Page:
Kill Your Java Jacket

Kill Your Java Jacket

I don’t go to coffee shops that often, but I’m obsessed with the waste they generate. (Okay, I’m obsessed with the waste everyone generates).

Coffee shops are big business, and, as such, one with a big footprint. But it’s also an industry with a reasonable shot at attaining nearly zero waste, at least on the retail end-very little that goes into making coffee can’t be easily reduced/reused/recycled.

There are a few shops that make good choices: offering condiments in shakers, providing mugs for on-site consumption, and even extending composting programs to customers. Then there’s the majority that continues to do unspeakable things: doubling up paper cups, offering only wasteful single-serving sugar packets, using plastic lids and simply throwing out unsold baked goods.

But there’s one practice-one patently ridiculous practice when you get right down to it-that nearly all coffee shops engage in: the innocuous insulating sleeve for to-go coffee. Now, some are worse than others, but are any of them even good, let alone neutral? I mean, we’re talking about a mass-consumed item that a) did exist 20 years ago, b) exists only to protect the hands of people who did not bring a reusable travel mug (or can’t figure out how to hold a hot cup of coffee without burning themselves) and c) is probably seen as a preemptive device for our wildly litigious society.

I burn my hand sometimes, but that’s because I’m a klutz; It doesn’t make me think that I need to kill a tree to span the 10 minutes between when I get my coffee and when it cools enough for me to pick it up without caution.

I’m depressed, fascinated and dumbfounded by coffee sleeves. I just wiki-ed the term “coffee sleeve” and found that they were invented in 1993 by some dude named Jay Sorenson. (Thanks, Jay! That would rule if you’re retired on an island living off of patent money from your “java jackets.”) Anyway, I collected a whole bunch of these things from coffee shops across town to get an idea of ​​what’s being used, and why.

I had no idea that coffee insulators came in so many different sizes and styles (and I certainly didn’t know they’d become a space for glossy advertising. $ 2 off my next Visine purchase? Sweet.).

One common trait among cardboard sleeves (and plenty of other paper products) is that they want you to know how much-recycled content they consist of. Keep in mind the difference between something boasting a recycling symbol, the level of post-consumer content, and that its simply “recyclable” (one of my favorite greenwashing terms).

Of the various sleeves I found, the best is a bland looking one with 100 percent recycled paper and made of 90 percent post-consumer material. The worst (of the cardboard candidates) is the Saxbys: “100 percent recyclable and post-consumer.” Yes, cardboard is recyclable, but how much post-consumer content is there?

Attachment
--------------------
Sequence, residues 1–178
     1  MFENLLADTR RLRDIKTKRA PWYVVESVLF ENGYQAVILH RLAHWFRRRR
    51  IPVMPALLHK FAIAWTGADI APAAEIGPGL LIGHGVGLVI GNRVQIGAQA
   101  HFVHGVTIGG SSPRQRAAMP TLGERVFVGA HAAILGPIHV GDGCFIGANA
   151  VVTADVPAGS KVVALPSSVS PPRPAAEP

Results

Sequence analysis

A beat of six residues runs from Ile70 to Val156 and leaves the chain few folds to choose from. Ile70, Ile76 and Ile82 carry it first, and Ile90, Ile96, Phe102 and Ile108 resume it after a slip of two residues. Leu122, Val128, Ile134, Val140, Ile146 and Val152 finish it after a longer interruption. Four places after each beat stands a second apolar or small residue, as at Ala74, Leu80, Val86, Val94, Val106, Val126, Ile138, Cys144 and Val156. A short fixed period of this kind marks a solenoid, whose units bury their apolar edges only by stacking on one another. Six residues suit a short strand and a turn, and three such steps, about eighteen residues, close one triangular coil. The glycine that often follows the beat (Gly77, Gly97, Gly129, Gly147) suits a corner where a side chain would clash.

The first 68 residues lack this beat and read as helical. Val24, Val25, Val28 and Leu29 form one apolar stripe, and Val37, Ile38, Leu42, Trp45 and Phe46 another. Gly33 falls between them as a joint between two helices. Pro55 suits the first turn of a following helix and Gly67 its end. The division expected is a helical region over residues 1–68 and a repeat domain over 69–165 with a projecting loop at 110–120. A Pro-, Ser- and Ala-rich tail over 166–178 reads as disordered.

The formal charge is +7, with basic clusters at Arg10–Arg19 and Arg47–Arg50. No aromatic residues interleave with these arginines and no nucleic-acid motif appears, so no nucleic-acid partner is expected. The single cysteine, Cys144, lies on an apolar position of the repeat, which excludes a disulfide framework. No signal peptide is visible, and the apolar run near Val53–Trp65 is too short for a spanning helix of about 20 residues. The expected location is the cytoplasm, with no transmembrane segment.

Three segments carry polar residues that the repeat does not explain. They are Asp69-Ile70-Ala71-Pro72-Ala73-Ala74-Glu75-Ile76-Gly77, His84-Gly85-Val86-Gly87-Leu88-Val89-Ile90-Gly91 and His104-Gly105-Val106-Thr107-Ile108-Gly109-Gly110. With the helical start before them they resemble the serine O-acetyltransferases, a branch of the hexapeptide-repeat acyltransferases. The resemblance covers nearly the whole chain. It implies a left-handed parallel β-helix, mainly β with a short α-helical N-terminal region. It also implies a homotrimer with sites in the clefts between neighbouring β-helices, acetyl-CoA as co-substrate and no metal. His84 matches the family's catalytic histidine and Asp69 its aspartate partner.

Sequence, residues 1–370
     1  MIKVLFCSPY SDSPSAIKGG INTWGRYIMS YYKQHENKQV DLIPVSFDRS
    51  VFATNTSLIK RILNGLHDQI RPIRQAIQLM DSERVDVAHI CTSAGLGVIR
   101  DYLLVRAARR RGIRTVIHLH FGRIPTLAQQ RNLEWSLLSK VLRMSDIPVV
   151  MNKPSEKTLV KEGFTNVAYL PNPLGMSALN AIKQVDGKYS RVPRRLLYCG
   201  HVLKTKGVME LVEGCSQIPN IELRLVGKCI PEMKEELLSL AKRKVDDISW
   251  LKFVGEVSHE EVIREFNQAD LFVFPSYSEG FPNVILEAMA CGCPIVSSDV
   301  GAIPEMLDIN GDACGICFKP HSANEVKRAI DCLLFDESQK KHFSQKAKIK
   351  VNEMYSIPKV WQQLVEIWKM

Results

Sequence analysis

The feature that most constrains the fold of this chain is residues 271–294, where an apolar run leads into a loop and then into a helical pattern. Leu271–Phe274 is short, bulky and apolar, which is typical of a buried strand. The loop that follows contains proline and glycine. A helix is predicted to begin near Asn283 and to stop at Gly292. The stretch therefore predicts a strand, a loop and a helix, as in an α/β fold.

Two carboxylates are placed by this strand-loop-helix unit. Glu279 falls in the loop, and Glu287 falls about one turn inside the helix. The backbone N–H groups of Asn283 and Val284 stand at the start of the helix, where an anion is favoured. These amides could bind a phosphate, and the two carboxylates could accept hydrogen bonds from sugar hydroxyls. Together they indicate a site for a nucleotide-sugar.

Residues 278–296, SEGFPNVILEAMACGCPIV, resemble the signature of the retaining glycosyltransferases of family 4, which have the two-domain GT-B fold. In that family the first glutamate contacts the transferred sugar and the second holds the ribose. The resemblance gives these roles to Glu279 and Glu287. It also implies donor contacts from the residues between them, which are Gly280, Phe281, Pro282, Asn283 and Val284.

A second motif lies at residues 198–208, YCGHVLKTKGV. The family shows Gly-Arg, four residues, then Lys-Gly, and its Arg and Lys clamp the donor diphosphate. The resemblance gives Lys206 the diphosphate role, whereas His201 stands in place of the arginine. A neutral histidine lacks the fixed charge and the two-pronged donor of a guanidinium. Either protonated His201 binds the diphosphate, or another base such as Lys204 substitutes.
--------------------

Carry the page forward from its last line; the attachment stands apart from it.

To my mind, the worst of all of them is the Styrofoam “degradable” sleeve (sadly named the “Eco Sleeve”). Practically, there is nothing “eco” about “degradable” plastic. Just about anything is degradable, and it will eventually degrade over X-hundred years, or break up into smaller pieces to choke up our waterways.

Sure, plastic is cheaper and insulates better against heat. But these sleeves aren’t recyclable in any economic measure, and, practically, they do not biodegrade. This is where paper cups swoop for the glory. Yes, their recyclability is debatable, but their compostability is not.

With millions of cups of coffee consumed per day, it’s a reasonable estimate that millions of these things are being disposed of per day. How hard would it be to tell your barista to hold off on the sleeve and the lid? Give it a shot. If your morning coffee was that much worse, you should think about bringing your cup. Heck, just bring your cup and help make this whole discussion moot.

My ideal coffee shop:

1. Reusable mugs for sale (with a discount for use).

2. A compost receptacle available for customers next to the recycling can and trash can (which should have next to nothing in it)

3. Give away coffee grinds to anyone interested in starting a composting effort at home. Have a composting 101 fact sheet on hand for the curious (Starbucks claims to do this, although I haven’t found one that knows about this program, even in San Francisco).

4. Environmentally preferable purchasing program created by the coffee shop to minimize impact upfront, including no “degradable” coffee sleeves and minimal use of plastics.

5. No single-use items. Feature a sign explaining why they’re lame.

6. Composting of baked goods and coffee grinds. If paying for composting is unreasonable, build a simple bin outback.

Source by Tyler A Weaver

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